Maharashtra Navnirman Sena (MNS) MLAs who assaulted MLA Abu Azmi in the House for not speaking in Marathi, do not send their own children to Marathi-medium schools, says a report in Indian Express.
A day after MNS MLA Ram Kadam slapped SP's Abu Azmi — who pleaded he does not know Marathi well enough to take the oath in the language — inquiries by 'The Indian Express' revealed that the children of eight of the MNS's 13 MLAs attend English-medium schools.
It is well known that MNS chief Raj Thackeray's son Amit passed out of Mumbai's exclusive Bombay Scottish school last year, and that he chose to study a foreign language instead of Marathi while he was there.
Raj's daughter Urvashi is currently a student of the same school. On Monday, Raj wrote to all 288 Maharashtra MLAs reminding them of their “responsibility” towards Marathi.
• Mayuresh, son of Khadakwasla MLA Ramesh Wanjale — who shoved aside the lectern which Azmi wanted to use to take oath, and is one of the four MLAs suspended for four years — studies in Class 5 in Springdale High School in Sinhagad. Wanjale's elder daughter Sayali is in Class 11 in Pune's Sinhagad College, studying in English medium, although her schooling was in the Marathi medium. Younger daughter Disha is in Huzurpaga High School and studies in Marathi medium.
“English should be learnt but Marathi should be priority. My son is in an English school but he can speak Marathi fluently and his upbringing is equally Maharashtrian,” Wanjale said when asked about the contradiction.
• Aides of Ghatkopar-West MLA Ram Kadam said Kadam's son Om goes to a convent school in Mumbai's Bandra. Kadam refused to discuss his family, saying it was a “personal” issue.
• Former Shiv Sainik and MNS leader in the Assembly Bala Nandgaonkar's daughter Srushti is a student of Class 3 in the English-medium Arya Vidyamandir in Bandra.
“The issue here is the implementation of Marathi as the official language in the government's administrative work,” said Nandgaonkar, MLA from Sewree and one of the first senior Sena men to join Raj. “Marathi is the only language recognised for administrative work in Maharashtra. We have no opposition to languages as such.”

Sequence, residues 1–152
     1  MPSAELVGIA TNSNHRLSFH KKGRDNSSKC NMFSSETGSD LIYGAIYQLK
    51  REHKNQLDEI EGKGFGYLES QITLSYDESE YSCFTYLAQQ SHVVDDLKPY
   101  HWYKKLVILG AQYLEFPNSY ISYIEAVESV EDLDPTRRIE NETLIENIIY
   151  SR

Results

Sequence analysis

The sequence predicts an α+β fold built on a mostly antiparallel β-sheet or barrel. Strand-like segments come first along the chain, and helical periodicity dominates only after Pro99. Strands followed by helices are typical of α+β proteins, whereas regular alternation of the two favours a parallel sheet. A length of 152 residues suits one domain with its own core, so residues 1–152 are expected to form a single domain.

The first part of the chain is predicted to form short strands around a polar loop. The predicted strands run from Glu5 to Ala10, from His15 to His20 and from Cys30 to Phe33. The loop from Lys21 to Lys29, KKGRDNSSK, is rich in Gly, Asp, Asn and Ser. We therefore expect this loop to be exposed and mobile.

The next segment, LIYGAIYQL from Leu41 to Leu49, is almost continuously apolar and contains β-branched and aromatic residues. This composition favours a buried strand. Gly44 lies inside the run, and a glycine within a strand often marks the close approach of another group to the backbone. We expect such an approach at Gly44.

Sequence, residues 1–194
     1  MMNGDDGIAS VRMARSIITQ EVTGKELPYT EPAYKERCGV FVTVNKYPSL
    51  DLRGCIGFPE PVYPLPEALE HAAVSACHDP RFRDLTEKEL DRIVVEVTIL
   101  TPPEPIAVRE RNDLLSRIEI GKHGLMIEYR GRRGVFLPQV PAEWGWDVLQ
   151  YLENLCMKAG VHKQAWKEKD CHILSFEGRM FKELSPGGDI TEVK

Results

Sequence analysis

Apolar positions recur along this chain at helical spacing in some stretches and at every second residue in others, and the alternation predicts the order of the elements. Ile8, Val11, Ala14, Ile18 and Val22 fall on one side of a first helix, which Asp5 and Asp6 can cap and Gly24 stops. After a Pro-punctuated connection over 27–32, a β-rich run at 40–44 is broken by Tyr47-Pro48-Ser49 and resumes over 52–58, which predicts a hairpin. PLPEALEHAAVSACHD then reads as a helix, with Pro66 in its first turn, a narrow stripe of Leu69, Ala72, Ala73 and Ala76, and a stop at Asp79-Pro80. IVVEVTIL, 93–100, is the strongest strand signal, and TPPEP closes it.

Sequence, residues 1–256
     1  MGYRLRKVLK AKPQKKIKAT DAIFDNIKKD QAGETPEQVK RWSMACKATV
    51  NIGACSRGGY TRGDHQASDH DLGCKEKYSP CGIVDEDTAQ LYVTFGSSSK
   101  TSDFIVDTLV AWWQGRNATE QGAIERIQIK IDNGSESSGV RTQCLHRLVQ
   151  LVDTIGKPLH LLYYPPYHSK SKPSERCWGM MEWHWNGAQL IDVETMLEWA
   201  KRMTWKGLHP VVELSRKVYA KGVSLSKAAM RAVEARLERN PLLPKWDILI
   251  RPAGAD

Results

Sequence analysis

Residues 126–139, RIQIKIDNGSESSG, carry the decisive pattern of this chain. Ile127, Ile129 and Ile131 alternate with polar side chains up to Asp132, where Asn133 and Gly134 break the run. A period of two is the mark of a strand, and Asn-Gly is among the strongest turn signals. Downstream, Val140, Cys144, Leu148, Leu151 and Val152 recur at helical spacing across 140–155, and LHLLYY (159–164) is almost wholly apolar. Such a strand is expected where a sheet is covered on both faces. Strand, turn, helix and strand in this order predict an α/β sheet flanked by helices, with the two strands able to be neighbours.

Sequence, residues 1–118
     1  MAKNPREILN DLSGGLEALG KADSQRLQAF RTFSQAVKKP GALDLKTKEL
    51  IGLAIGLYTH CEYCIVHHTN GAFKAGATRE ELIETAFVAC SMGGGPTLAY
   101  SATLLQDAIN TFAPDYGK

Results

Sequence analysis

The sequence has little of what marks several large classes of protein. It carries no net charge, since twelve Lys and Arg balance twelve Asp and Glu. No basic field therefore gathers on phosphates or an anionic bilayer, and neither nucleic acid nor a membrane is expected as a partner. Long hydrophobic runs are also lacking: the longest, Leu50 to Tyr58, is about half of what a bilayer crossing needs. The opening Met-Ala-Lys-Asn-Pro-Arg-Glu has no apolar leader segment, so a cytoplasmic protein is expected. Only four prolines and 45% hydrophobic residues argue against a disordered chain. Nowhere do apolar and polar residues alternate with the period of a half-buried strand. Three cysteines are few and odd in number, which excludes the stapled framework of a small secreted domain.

• MNS spokesman and MLA from Mahim, Nitin Sardesai's son Yash is a B.Com. student at Mumbai's R A Podar College. He attended King George's High School in Dadar and studied in English medium.
“It is an English medium school but Marathi was taught as a subject and the atmosphere there is also Marathi,” Sardesai said, referring to the school.
• Nashik-West MLA Nitin Bhosale's son Pruthvish is in Class 2 in the English-medium Fravashi International Academy, an elite school which was inaugurated by Raj Thackeray in 2002.
“We are not against English language but are emphasising the use of Marathi since it is the mother tongue. Although my son is studying in English medium, he studies Marathi as a subject,” Bhosale said.
• Kalyan-Rural MLA Ramesh Patil's older son Vicky is doing an MBA in Dubai, while his younger son Vaibhav is in Class 6 at St Teresa's in Dombivili.
• Vikhroli MLA Mangesh Sangle's three-and-a-half year-old son Himanshu goes to an English playschool in Airoli in Mumbai.
• Kannad (Aurangabad) MLA Harshwardhan Jadhav's son Adityawardhan goes to Toddlers English School in Aurangabad.
• Of the remaining five MLAs, children of Pravin Darekar and Vasant Gite study in Marathi-medium schools. Shishir Shinde's and Uttamrao Dhikale's grown-up children went to Marathi-medium schools. Prakash Bhoir's children are too young for school.
MNS workers said there was no contradiction between the party fighting for Marathi and its leaders' children attending English-medium schools. “English has become a priority now and one cannot expect to do well in higher or technical education or in the engineering or medical fields after being schooled in the Marathi medium,” said Yeshwant Killedar, a party activist in Mumbai.
“We want Marathi people to progress and if English is the medium then it's all right. Our upbringing and behaviour will always be Marathi and we always insist on talking the language as much as we can,” Killedar added.